I usually stayed at Gerry’s Hostel in Achnashellach, David, but back in the 1960s - 1980s (when holidays abroad were becoming affordable) quite a few Highland hotels struggled to keep going, often changing hands and becoming run down. Many closed for the winter, so there wasn’t even a pub for the locals outside the tourist season. The Achnasheen hotel and station buildings were quite impressive in the old photographs. When you were cold and wet through, after a day out, any food and warmth was welcome at the end of the day.

Marlyn
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#15 Corrour

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Posted 16 April 2018 - 18:27

Mark,

 

Let me know if you do model and I'll CAD up a couple of replica signal box diagrams for you.

 

R


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#16 keefer

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Posted 17 April 2018 - 13:52

some John R Hume photos of the station in 1976 on the CANMORE site: https://canmore.org....een&per_page=31
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#17 Three Miller

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Posted 17 April 2018 - 14:33

Thanks Marlyn,

I’ll have a look out for that book.

The loss of the Achnasheen Hotel does sound a sad loss..

Cheers,

Mark

Hi Mark,

As sad loss indeed, we (two couples with 2 very small children, Steve was 5 months old) spent a glorious week there in 1985. I can still remember the colour of the bath water - Peat colour (straight off the hill side). All Class 26s then with 26035 in the main if memory serves. Very Happy days. 

 

Thanks for rekindling the little grey cells,

Jim.


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#18 NCB

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Posted 19 April 2018 - 17:43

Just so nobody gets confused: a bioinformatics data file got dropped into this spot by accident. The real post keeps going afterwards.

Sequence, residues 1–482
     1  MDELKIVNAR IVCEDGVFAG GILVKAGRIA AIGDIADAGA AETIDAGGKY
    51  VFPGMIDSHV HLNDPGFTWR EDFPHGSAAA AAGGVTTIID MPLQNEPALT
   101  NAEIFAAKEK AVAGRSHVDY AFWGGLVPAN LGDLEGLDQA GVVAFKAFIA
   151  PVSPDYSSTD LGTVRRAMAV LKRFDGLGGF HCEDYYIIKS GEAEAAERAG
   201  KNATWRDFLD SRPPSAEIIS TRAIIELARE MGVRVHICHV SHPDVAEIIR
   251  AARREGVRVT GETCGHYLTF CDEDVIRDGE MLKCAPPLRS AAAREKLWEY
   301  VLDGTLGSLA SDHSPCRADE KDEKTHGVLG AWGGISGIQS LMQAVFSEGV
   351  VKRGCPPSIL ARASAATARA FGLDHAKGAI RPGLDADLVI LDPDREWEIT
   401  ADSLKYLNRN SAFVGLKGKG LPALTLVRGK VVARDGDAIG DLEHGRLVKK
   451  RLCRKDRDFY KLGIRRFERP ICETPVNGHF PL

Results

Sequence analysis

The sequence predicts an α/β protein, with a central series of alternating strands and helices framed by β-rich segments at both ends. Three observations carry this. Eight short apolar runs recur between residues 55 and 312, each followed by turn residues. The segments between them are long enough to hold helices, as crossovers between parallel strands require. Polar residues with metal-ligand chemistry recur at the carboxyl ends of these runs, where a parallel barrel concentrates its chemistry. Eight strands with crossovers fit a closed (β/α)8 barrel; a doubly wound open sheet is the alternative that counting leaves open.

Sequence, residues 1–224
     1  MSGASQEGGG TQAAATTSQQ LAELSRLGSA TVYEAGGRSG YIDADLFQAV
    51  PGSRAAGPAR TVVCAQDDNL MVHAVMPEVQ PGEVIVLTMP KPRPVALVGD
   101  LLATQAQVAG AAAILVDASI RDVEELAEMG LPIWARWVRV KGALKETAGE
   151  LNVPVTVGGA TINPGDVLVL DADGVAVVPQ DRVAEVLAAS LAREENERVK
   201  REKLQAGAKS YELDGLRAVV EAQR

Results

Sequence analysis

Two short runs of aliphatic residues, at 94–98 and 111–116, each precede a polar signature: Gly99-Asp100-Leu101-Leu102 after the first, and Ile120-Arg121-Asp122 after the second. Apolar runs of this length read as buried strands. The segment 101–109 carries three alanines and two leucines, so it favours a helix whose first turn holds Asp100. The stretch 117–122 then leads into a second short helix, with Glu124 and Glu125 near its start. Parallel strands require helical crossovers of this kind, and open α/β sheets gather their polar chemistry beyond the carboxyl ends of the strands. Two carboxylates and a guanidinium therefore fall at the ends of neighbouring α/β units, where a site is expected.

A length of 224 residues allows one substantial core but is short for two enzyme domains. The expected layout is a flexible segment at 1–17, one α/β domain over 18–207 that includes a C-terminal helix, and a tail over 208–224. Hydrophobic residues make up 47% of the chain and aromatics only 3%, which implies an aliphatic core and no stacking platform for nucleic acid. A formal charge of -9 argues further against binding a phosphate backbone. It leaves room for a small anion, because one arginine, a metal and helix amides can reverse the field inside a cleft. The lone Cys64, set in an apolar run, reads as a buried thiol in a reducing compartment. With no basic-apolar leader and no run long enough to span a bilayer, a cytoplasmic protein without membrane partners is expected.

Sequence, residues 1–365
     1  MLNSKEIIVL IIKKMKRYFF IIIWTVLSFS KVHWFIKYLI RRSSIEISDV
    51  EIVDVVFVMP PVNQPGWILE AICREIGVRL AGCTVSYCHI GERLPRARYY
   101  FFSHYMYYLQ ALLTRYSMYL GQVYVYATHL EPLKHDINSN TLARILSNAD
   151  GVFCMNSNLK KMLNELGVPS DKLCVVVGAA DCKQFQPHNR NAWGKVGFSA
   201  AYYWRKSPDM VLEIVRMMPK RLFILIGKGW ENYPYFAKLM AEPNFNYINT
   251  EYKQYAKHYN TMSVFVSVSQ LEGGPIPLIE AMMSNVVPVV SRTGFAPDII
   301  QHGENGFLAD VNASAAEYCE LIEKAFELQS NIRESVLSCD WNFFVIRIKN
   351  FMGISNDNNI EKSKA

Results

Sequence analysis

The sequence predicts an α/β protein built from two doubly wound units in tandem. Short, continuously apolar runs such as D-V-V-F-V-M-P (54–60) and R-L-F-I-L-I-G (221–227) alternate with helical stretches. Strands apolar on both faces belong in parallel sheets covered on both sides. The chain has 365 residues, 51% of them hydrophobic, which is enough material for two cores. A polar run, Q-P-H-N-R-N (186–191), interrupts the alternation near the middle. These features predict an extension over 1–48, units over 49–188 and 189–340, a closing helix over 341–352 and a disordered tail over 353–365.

I usually stayed at Gerry’s Hostel in Achnashellach, David, but back in the 1960s - 1980s (when holidays abroad were becoming affordable) quite a few Highland hotels struggled to keep going, often changing hands and becoming run down. Many closed for the winter, so there wasn’t even a pub for the locals outside the tourist season. The Achnasheen hotel and station buildings were quite impressive in the old photographs. When you were cold and wet through, after a day out, any food and warmth was welcome at the end of the day.

Marlyn

 

Yep, the Kinlochewe Hotel when I first knew it around 1976 was an upmarket place. The "bar" was in a separate outside building which always seemed closed. The hotel did have a snug which us sweaty hillwalkers were allowed to lurk in for a pint or two.  It was lucky in that when it was sold it was to a couple who had a good idea of how to run a pub. The main dining room became the bar, with a good fire and well furnished, and a decent range of bar food was available. The outside bar was converted into a walker's hostel. Did good business and is still going today, albeit under different owners over the years. It had just one poor owner, who rarely opened lunchtime because he was out fishing; he and his wife did a moonlight flit, with the banks on his tail.

 

"Hotels and bars of north west Scotland" could fill a book!

 

Nigel


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#19 37409

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Posted 20 April 2018 - 00:06